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Shanghai Cooperation Organisation (SCO)

  • IAS NEXT, Lucknow
  • 27, Nov 2021
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Reference News:

At the recently held 20th meeting of the SCO Council of Heads of Government, India observed that raising bilateral issues is counterproductive to the spirit of the Shanghai Cooperation Organisation (SCO).

What’s the issue?

China and Pakistan have deliberately tried to bring bilateral issues into SCO. This violates the well-established principles and norms of the SCO Charter. Such acts are counterproductive to the spirit of consensus and cooperation that define this organisation and should be condemned. 

About the SCO:

The Shanghai Cooperation Organisation (SCO) is a permanent intergovernmental international organization.

  • The creation of SCO was announced on 15 June 2001 in Shanghai (China).
  • The Shanghai Cooperation Organisation Charter was signed during the St.Petersburg SCO Heads of State meeting in June 2002, and entered into force on 19 September 2003.
  • It was preceded by the Shanghai Five mechanism.
  • The SCO’s official languages are Russian and Chinese.
  • The SCO Charter, sealed in 2002, calls for “peaceful settlement” of conflicts and disputes among member states.

Founding members of SCO were- 

  1. The Republic of Kazakhstan,
  2. The People’s Republic of China,
  3. The Kyrgyz Republic,
  4. The Russian Federation,
  5. The Republic of Tajikistan,
  6. The Republic of Uzbekistan.


  • Kazakhstan, China, Kyrgyzstan, Russia and Tajikistan were members of the Shanghai five, Prior to the creation of SCO in 2001.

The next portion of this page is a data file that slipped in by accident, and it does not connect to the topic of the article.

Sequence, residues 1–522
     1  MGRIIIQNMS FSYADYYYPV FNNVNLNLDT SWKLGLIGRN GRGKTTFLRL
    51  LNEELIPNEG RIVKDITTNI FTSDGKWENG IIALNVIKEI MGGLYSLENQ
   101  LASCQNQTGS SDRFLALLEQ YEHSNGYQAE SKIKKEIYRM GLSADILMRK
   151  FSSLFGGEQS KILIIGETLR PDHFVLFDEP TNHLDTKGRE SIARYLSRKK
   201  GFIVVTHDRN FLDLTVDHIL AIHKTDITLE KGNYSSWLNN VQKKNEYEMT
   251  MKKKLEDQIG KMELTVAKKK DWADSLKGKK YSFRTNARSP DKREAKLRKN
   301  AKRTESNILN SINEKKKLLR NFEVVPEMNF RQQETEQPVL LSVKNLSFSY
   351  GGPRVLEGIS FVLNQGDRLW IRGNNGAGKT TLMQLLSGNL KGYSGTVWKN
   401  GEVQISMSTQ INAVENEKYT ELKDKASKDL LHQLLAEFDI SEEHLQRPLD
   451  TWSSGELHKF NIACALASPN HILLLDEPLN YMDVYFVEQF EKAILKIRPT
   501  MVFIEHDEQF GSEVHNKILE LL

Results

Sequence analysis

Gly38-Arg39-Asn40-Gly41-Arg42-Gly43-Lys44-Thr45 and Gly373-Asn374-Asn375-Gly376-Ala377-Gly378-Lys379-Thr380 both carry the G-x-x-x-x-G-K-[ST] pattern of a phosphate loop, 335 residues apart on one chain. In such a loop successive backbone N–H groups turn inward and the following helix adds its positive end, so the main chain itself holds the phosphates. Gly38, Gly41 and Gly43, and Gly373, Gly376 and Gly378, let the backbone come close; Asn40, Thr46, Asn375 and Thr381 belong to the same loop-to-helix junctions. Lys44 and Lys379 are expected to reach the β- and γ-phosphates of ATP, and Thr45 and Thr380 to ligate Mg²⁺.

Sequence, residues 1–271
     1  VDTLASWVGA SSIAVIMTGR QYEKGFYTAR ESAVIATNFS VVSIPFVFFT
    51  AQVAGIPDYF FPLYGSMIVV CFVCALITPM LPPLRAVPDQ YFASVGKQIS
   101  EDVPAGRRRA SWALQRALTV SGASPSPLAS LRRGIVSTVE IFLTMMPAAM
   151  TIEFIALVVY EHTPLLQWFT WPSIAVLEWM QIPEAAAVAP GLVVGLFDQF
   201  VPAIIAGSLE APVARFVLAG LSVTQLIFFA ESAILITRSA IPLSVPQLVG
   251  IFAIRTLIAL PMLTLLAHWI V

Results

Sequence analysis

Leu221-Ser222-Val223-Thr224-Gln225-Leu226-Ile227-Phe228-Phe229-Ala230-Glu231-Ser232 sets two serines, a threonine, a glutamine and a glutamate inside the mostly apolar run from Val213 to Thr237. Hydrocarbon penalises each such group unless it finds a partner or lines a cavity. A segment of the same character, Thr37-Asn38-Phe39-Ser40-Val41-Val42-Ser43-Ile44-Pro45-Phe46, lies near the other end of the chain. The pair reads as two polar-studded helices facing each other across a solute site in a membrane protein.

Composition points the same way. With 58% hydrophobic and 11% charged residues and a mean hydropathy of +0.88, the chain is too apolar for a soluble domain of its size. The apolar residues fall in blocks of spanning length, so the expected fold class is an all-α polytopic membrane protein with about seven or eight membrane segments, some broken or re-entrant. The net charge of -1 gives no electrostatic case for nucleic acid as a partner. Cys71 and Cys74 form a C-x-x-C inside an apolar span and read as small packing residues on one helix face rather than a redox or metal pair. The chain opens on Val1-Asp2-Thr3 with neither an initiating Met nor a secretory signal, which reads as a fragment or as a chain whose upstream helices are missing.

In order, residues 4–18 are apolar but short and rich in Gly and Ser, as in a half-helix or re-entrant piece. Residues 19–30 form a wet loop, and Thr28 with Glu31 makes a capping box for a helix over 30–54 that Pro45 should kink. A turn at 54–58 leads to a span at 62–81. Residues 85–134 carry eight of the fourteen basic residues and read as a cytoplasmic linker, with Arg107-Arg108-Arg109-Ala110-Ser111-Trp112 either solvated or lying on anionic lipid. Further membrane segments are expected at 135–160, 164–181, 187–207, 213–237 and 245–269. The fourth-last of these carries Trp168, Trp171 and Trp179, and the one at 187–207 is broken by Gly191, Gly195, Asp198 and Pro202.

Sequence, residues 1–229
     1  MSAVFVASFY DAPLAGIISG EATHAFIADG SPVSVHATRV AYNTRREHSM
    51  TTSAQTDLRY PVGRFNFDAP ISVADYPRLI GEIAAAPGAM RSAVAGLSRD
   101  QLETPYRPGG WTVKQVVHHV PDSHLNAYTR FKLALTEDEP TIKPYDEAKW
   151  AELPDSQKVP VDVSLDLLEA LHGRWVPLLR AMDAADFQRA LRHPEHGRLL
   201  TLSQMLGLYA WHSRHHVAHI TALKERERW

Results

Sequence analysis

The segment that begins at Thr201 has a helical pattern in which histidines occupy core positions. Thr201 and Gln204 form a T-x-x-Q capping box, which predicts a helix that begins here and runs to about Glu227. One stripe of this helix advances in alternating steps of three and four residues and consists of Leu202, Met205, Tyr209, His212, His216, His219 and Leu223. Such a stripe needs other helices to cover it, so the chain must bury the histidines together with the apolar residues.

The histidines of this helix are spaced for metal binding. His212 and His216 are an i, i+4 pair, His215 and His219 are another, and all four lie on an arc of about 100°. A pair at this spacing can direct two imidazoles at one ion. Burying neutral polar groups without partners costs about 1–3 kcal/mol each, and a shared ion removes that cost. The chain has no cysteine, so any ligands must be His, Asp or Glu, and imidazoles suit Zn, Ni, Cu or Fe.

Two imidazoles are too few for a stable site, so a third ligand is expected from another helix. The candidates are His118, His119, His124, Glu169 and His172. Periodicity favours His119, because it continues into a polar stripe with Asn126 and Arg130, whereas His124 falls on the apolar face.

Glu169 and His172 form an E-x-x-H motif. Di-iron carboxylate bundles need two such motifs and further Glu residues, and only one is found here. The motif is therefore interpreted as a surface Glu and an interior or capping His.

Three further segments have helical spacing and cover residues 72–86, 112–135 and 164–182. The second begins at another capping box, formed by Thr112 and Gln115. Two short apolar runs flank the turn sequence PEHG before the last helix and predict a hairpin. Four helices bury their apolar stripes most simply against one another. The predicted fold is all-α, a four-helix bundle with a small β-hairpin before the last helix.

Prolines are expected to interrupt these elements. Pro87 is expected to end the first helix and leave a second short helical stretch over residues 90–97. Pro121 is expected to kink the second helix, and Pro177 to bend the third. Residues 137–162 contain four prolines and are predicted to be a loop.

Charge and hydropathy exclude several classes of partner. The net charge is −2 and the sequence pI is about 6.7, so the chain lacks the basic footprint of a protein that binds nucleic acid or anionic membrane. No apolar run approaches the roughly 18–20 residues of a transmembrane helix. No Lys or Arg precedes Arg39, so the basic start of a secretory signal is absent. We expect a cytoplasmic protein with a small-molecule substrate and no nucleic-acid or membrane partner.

• Shanghai Five (1996) emerged from a series of border demarcation and demilitarization talks which the four former Soviet republics held with China to ensure stability along the borders.
  • Uzbekistan joined the organisation in 2001, following this the Shanghai Five was renamed the Shanghai Cooperation Organisation (SCO).
  • India and Pakistan became members in 2017.

Member Countries:

Now, SCO is comprised of Eight Member countries. Namely-

  1. Kazakhstan
  2. China
  3. Kyrgyzstan
  4. Russia
  5. Tajikistan
  6. Uzbekistan
  7. India
  8. Pakistan

Objectives of SCO:

  • Strengthening mutual trust and neighbourliness among the member states.
  • Promoting their effective cooperation in politics, trade, the economy, research, technology and culture, as well as in education, energy, transport, tourism, environmental protection, and other areas.
  • Making joint efforts to maintain and ensure peace, security and stability in the region.
  • Moving towards the establishment of a democratic, fair and rational new international political and economic order.

Significance for India:

The SCO’s significance for India lies in economics and geopolitics with the Eurasian states.

  • SCO is a potential platform to advance India’s Connect Central Asia policy. The SCO member states occupy the huge landmass adjacent to India’s extended neighbourhood where India has both economic and security imperatives.
  • Importance of SCO-Afghanistan Contact Group to stabilise Afghanistan. SCO membership provides India a vital counter to some of the other groupings it is a part of.
  • The SCO provides the only multilateral platform for India to deal in close proximity with Pakistan and Afghanistan.